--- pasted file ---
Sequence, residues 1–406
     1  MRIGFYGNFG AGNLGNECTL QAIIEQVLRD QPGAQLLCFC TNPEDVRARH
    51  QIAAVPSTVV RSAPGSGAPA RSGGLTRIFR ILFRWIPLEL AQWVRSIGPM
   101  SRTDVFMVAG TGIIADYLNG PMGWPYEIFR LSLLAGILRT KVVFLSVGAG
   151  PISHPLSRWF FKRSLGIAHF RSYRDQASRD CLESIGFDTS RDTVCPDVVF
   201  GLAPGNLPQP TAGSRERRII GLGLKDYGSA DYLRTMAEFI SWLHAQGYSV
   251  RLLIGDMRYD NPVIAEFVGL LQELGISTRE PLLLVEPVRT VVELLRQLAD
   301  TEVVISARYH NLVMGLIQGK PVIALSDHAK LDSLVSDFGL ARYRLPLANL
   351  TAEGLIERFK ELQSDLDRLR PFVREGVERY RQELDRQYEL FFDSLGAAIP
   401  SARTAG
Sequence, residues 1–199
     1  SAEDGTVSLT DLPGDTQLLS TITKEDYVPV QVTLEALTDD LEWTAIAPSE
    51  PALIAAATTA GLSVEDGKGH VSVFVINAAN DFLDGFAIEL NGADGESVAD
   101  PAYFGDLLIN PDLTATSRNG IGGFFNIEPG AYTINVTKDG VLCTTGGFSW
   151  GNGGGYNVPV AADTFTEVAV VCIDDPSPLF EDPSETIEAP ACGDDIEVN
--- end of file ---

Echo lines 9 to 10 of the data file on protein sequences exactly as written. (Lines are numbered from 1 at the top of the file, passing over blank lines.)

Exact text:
   351  TAEGLIERFK ELQSDLDRLR PFVREGVERY RQELDRQYEL FFDSLGAAIP
   401  SARTAG